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Putin Cuts Licensing as Economy Rebounds

The government on Monday endorsed a bill that would dramatically ease licensing restrictions for companies, reducing by more than half the kinds of businesses that would need to seek bureaucrats' permission before opening up shop.

If approved, the bill would mean that just 49 types of businesses — down from 110 now — would need to go through the time-consuming and expensive licensing process, Prime Minister Vladimir Putin said at a weekly session of the Presidium, a downsized version of his Cabinet.

The measure, if backed by lawmakers and President Dmitry Medvedev, would follow on previous reductions over the past few months to support the economy in lean times. It also shows that the government will continue pushing to improve conditions for doing business, even as the recent economic rebound takes hold.

In addition, officials would handle all requests for remaining licenses online, starting in January, Putin said.

It was not immediately clear Monday which licenses would be abandoned under the bill.

The economy grew 4.2 percent in the first six months of the year, compared with the same period last year, when Russia experienced its first recession in a decade, Economic Development Minister Elvira Nabiullina said. The growth came largely thanks to exports, which increased 50 percent in the first half of the year, she said.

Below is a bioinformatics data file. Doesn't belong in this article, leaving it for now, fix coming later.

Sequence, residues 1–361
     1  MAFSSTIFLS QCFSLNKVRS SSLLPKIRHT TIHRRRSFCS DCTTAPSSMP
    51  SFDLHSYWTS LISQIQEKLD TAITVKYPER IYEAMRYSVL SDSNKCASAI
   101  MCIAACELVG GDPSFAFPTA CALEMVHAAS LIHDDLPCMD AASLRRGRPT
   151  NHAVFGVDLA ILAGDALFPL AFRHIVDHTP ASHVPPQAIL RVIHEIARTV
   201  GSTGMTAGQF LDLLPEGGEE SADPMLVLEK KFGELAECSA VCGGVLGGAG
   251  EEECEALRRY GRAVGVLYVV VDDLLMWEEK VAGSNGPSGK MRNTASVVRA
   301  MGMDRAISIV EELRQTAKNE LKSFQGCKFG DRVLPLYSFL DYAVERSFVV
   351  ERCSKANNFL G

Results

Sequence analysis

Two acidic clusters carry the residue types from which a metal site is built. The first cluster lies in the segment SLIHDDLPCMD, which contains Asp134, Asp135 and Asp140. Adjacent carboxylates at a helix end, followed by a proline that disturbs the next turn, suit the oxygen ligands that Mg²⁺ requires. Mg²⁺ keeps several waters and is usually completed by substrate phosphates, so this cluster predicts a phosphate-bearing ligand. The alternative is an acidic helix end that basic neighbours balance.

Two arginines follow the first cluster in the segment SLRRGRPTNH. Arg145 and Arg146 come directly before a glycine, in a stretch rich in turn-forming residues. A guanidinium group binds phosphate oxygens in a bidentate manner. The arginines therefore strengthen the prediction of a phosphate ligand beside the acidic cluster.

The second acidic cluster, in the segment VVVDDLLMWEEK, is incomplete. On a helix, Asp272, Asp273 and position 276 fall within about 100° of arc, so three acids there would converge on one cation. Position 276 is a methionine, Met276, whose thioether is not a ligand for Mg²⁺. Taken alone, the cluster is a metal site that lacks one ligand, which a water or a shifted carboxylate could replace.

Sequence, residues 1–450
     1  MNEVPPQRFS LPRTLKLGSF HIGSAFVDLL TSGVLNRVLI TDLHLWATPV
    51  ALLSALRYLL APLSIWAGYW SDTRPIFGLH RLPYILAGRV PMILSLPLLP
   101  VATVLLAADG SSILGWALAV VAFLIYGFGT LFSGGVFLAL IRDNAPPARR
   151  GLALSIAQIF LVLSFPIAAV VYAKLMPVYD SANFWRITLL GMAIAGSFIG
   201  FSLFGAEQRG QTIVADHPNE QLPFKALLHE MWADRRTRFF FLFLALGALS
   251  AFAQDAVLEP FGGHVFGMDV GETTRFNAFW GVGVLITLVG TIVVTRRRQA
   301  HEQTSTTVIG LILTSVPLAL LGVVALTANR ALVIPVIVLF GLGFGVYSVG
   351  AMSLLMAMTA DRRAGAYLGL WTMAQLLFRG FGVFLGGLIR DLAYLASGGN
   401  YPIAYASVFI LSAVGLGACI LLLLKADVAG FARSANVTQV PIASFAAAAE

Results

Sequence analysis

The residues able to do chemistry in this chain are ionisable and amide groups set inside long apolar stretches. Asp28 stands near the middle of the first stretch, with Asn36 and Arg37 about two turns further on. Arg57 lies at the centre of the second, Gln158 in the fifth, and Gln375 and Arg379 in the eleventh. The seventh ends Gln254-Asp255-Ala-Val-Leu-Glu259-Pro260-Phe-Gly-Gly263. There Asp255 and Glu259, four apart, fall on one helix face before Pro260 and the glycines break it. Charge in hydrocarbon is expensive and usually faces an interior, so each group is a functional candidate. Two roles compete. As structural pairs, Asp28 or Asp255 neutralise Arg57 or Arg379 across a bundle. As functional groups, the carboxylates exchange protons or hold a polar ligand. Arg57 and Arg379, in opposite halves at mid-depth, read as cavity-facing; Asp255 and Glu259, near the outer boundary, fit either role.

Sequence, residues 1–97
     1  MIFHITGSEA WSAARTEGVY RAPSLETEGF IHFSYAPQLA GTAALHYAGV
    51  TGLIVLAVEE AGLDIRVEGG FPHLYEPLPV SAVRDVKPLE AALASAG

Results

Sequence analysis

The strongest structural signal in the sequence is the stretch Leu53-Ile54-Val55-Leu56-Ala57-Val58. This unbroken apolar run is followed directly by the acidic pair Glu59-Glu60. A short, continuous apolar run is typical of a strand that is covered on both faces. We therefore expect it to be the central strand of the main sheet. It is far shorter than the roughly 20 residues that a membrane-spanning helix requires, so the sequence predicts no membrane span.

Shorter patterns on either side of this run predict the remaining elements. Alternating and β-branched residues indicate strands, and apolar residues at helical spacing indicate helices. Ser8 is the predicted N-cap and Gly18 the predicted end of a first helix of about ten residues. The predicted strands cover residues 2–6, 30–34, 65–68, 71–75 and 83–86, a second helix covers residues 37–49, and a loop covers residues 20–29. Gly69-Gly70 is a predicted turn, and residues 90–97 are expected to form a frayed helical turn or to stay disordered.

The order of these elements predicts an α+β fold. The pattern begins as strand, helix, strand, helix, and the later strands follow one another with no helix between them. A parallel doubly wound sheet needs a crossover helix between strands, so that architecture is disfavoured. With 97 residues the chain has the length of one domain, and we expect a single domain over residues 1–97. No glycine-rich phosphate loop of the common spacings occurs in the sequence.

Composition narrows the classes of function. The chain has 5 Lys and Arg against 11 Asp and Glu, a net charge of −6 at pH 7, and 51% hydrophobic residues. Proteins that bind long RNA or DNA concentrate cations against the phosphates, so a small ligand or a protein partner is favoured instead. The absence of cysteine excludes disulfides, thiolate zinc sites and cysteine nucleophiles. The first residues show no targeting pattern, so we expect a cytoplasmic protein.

"It was a powerful factor," Nabiullina said.

Inflation appears tamer for now. Consumer prices have risen 4.4 percent so far, down from 7.4 percent over the first half of last year, she said.

Disposable incomes increased 4.8 percent, while the unemployment rate contracted to 6.8 percent in June, from 9.2 percent in January, she said.

Also on Monday, the government considered the need to charge reasonable and uniform rates on the land that municipalities rent out to farmers and other customers.

"It's hard to believe, but the difference in the rent of close plots can be by a factor of hundreds," Putin said.

The federal government and municipalities are Russia's biggest landlords, collectively owning 92 percent of commercial land in Russia, Putin said.

Corporate land owners, including foreign farming investors, account for just 1 percent, with the rest belonging to individuals, he said.

In other news, Deputy Prime Minister Igor Sechin said Russia recently regained the capacity to build oil-drilling rigs. A plant in Yekaterinburg, Uralmashzavod, constructed the first rig for Gazprom Neft, although it imported 30 percent of the rig's parts, he said.

A Syrian oil company and a company called Ariel signed contracts for more rigs, while Surgutneftegaz and LUKoil are exploring the opportunity, he said.

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